If you would like additional information on non-compete agreements and trade secrets law, please contact one of the Burr & Forman Non-Compete & Trade Secrets team members.

Is An Assigned Non-Compete Agreement Enforceable?

In the case of a merger or acquisition, the successor company might take an assignment of the current non-compete agreements in favor of the predecessor company.  The enforceability of an assigned non-compete agreement, however, varies from state-to-state, as is true with most issues concerning non-compete law.  Below is a quick survey of how some of the states in the Southeast address the issue:

Georgia – Non-compete agreements, similar to most contracts in the state, are assignable provided that the duties under the agreement do not materially vary from the performance required by the original parties and provided that the contract is not for personal services.  West Coast Cambridge, Inc. v. Rice, 262 Ga. App. 106 (2003) (finding that successor partnership could enforce noncompete agreement against doctor because the law provided no prohibition against the assignment of the agreement and the agreement was expressly binding on successors and assigns, and noting that contract was not for personal services because it only obligated the doctor to not take certain actions).

Tennessee – Tennessee law recognizes that covenants not to compete are assignable absent specific language in the covenants prohibiting assignment.  See Packers Supply Co. v. Weber, 2008 Tenn. App. LEXIS 226 (Tenn. Ct. App. Apr. 14, 2008) (citing Bradford & Carson v. Montgomery Furniture Co., 115 Tenn. 610, 92 S.W. 1104 (Tenn. 1906)).

Alabama – Because non-compete agreements are disfavored as a restraint on trade (see Ala. Code § 8-1-1), a successor employer cannot enforce an employee’s covenant not to compete.  Construction Materials v. Kirkpatrick Concrete, 631 So. 2d 1006 (Ala. 1994) (refusing to enforce noncompete agreement for successor of employer and noting that the legislature’s omission of a specific provision in Ala. Code § 8-1-1 establishing a successor employer’s right to enforce an employee’s covenant with the predecessor employer creates an affirmative interference that this code section was not intended to allow enforcement by successor employers).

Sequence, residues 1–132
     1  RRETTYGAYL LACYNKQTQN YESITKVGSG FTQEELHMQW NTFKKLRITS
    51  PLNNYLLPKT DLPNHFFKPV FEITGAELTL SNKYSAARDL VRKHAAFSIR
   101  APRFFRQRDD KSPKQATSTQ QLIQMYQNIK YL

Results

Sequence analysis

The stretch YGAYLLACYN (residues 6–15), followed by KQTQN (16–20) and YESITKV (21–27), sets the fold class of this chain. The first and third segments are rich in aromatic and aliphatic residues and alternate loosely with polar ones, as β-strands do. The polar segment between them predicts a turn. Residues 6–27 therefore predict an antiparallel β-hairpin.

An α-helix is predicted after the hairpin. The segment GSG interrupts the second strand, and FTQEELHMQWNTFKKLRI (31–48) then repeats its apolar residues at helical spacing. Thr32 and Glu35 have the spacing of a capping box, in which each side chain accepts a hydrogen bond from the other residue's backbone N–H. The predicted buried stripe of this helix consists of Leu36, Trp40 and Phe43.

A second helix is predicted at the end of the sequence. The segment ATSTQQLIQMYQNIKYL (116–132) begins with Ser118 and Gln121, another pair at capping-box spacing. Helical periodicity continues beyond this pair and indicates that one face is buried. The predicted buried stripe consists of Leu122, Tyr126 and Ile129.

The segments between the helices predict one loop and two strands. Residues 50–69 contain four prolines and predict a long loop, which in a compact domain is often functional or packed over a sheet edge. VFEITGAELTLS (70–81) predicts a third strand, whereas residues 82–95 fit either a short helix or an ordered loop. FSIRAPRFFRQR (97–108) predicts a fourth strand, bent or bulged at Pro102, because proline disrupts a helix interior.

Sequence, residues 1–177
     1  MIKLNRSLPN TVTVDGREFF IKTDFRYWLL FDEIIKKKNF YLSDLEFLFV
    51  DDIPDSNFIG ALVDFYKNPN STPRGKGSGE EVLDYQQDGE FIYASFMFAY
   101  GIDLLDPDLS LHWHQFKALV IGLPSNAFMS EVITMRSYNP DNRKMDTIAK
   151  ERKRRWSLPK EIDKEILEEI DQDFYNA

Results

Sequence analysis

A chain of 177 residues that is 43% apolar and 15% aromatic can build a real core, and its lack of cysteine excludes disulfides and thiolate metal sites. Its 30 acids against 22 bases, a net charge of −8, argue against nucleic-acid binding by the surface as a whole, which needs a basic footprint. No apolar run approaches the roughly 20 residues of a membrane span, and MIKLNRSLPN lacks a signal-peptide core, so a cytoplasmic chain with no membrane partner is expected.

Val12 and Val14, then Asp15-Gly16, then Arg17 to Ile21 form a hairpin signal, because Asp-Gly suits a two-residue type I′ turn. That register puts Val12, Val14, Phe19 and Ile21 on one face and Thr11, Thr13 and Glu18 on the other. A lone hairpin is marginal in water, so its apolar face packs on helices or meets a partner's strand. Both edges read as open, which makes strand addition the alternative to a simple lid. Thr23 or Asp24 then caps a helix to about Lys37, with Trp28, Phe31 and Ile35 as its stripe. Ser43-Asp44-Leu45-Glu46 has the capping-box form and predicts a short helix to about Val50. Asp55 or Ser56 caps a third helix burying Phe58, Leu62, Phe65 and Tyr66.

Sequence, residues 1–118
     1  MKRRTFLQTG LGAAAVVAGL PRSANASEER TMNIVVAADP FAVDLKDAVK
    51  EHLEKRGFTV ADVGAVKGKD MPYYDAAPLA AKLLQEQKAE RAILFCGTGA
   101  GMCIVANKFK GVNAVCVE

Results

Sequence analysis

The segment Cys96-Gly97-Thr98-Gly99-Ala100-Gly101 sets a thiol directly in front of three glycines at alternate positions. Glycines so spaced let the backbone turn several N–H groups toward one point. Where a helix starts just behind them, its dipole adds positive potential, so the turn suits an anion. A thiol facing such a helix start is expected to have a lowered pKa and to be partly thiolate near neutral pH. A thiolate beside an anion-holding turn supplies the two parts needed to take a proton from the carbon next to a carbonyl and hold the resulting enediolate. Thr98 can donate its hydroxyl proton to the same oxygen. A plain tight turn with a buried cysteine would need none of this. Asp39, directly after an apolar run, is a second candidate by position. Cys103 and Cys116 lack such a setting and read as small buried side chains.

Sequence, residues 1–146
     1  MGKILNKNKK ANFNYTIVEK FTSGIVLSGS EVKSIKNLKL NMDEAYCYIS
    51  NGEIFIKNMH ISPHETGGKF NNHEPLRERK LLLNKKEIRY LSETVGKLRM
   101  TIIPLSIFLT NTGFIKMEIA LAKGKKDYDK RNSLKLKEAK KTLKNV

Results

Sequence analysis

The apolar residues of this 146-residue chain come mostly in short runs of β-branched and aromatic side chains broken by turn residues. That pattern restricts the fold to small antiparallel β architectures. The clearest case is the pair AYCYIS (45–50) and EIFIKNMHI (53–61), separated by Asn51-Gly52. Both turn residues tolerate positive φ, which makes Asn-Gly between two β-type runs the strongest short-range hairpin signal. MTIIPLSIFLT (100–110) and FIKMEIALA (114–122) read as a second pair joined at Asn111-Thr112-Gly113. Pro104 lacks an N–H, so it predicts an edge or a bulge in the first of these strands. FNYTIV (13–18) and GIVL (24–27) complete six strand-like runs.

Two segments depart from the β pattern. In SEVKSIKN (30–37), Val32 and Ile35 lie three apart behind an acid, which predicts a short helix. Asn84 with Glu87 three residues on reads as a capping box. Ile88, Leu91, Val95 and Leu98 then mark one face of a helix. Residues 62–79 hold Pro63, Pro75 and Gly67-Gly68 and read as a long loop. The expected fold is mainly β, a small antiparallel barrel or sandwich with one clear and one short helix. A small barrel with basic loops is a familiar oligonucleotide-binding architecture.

Florida – In Florida, the question is answered specifically by  Fla. Stat. § 542.335(1)(f)(2), which provides that a “court shall not refuse enforcement of a restrictive covenant on the ground that the person seeking enforcement is . . . an assignee or successor” provided that “the restrictive covenant expressly authorized enforcement by a party’s assignee or successor.”  Recently, Florida’s First District Court of Appeal held that a general assignment clause (such as a statement that the agreement will “inure to the benefit of and be binding upon . . . assigns and successor) is sufficient to assign the agreement to a successor.  DePuy Orthopaedics, Inc. v. Waxman, 95 So. 3d 928 (Fla. Dist. Ct. App. 1st Dist. 2012).

BURR POINT:  Special attention should be paid when drafting a non-compete covenant to ensure that the assignability of the covenant is in accordance with the parties’ expectations and the applicable state law.


If you would like additional information on non-compete agreements and trade secrets law, please contact one of the Burr & Forman Non-Compete & Trade Secrets team members.